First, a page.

An attraction like the ‘Valley of the mills,’ then, is just so characteristic. Deserted Places reports that this deep canyon is home to a mill that operated for centuries. It was abandoned in the middle of the 19th Century, becoming inextricably entwined with the surrounding vegetation in the years since.

5 Well, It IS A Lovely Tunnel

via:awol.junkee.com

In a lot of the entries in this rundown, nature has gone ahead and worked its magic after the resident humans have left. That’s certainly a common way for these things to work. Sometimes, however, the most beautiful things happen when people and the natural world try to work together, rather than at odds with each other.

Ukraine’s Tunnel of Love is one example. It’s a stretch of railway that links Klevan with Orzhiv, which is famously surrounded by arches of trees. It derives its name from the fact that couples love to visit and walk beneath the ‘tunnel’ of trees together.

4 Another Island, Another Relic

Via: Time Out

From the Tunnel of Love to the island of former fish farming, we’re off to Hong Kong next.

Ma Wan is situated between Lantau Island and Tsing Yi Island. It used to be a popular fish farming spot, and home to some prized seafood restaurants. Today, most residents live in the vast Park Island complex, while the original town is all but forgotten.

Much of the abandoned buildings are boarded up and forbidden, though some can still be entered. While the busy new complex elsewhere on the island is alive with noise, only a handful of residents remain in the old town.

3 The Sad Story Of Bulowville

Via: Atlas Obscura

As I say, the United States makes for a vast, sprawling nation. It boasts wide open spaces, tensely populated and technology-ridden big cities and everything in between. With its fairly young age (globally speaking), too, it has its fair share of abandoned colonial towns.

One sad example is Bulowville, Florida. This plantation town was named after John Bulow, and destroyed by Seminole Indians during the Second Seminole War. Today, ruins of the vast sugar mill can still be seen in the area, gradually being swallowed up by the approach of the surrounding woodlands. Nother Nature may take a century or so, but she always triumphs.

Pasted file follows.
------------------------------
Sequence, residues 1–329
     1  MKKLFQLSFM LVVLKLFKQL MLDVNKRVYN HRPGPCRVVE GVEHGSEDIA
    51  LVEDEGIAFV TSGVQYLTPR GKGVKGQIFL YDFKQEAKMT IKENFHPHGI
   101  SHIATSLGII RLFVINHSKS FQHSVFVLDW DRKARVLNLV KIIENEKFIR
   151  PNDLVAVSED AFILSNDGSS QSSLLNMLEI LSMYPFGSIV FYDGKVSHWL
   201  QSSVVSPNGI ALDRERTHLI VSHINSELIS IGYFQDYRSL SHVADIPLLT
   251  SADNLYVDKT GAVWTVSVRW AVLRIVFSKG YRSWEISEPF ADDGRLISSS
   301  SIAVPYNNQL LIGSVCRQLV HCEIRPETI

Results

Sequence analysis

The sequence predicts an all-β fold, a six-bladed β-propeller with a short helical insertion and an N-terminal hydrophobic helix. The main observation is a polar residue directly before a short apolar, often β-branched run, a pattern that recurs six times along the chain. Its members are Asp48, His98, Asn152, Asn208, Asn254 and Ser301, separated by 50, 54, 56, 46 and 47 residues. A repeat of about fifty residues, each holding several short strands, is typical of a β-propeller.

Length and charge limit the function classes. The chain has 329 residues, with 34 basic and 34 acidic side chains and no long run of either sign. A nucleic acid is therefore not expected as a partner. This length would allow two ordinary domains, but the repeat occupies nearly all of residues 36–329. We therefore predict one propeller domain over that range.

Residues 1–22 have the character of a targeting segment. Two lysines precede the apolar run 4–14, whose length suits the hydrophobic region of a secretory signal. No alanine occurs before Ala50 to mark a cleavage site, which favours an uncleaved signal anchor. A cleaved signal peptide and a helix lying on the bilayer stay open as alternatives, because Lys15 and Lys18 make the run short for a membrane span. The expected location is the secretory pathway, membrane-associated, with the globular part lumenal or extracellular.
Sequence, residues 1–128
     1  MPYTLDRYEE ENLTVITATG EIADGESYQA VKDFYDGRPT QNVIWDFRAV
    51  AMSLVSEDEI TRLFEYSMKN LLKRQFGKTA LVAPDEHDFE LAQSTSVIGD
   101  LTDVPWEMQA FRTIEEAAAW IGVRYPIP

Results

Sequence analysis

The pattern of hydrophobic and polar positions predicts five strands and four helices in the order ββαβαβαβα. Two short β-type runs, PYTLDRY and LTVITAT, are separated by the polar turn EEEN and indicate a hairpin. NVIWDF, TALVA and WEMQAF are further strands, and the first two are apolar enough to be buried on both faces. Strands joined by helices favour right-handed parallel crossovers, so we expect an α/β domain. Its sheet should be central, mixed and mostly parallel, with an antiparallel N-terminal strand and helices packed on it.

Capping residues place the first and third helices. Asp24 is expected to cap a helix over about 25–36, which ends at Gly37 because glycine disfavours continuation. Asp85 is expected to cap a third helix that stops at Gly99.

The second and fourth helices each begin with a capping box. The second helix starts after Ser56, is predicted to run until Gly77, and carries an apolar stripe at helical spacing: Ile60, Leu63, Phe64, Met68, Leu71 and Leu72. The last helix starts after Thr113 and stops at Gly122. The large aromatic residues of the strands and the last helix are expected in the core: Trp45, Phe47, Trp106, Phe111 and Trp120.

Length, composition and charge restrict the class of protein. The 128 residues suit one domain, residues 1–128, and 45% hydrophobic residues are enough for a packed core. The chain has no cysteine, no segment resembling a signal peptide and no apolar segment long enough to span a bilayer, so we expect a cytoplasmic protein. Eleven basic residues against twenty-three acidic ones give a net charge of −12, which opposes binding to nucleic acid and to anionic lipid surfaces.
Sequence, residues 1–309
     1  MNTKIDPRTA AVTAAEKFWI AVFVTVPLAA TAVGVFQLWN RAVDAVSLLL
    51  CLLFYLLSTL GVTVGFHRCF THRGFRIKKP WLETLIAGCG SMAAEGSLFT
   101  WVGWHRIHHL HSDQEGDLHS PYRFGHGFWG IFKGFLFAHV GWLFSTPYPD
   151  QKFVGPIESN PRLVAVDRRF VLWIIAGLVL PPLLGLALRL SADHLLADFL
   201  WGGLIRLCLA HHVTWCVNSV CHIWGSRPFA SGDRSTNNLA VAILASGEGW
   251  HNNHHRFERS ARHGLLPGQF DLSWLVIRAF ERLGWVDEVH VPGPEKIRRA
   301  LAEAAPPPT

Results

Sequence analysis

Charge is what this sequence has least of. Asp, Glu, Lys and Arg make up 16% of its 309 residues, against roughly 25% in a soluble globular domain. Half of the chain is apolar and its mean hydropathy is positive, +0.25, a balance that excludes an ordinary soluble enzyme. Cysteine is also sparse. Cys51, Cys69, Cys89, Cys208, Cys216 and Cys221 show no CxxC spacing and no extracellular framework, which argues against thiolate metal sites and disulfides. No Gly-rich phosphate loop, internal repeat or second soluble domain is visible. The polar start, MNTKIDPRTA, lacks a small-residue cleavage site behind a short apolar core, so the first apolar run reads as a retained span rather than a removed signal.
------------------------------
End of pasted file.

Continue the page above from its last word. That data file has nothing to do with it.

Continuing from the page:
2 The Bigger They Are, The... More Plants Grow All Over Their Face

Via: YouTube (Vytenis Malisauskas)

At this point in the rundown, we’ve stopped off at a whole array of places around the world. We haven’t been to the UK yet, though, so let’s hop on over the pond for a while.

In County Kerry, Ireland, you’ll find the much-storied Ardtully House. This proud and noble estate was constructed by Sir Richard Orpen in 1847, in traditional 'look, ma, I’ve got a dang castle' style.

It was burned down by the IRA in 1921, meaning that Mother Earth has had almost a century to step in and take back that magnificent plot of land. As you can see, she’s certainly having a good go at it.

1 Would You Like Some Fish With Your… Shopping Mall?

Via: The Telegraph

Many of us don’t quite appreciate the size and scale of the average shopping mall. We’re there to shop, after all, and that impulse tends to overwhelm everything else. If you stop and look around, though, some of these vast complexes are actually truly impressive.

They’re still insignificant to nature, though. Nature doesn’t care how good the tacos are at that place in the food court. If she wants to reclaim the place, she’s going to go right ahead and do it.

This is the once-proud New World Mall in Bangkok, which was flooded after fire damaged the roof. In true I Know An Old Lady Who Swallowed A Fly style, locals introduced fish to combat the mosquitoes that were attracted by the water. The fish thrived, and now the abandoned building is their domain.

Resources: Culture Trip, Amusing Planet, Atlas Obscura, Business Insider, Digital Trends, Deserted Places,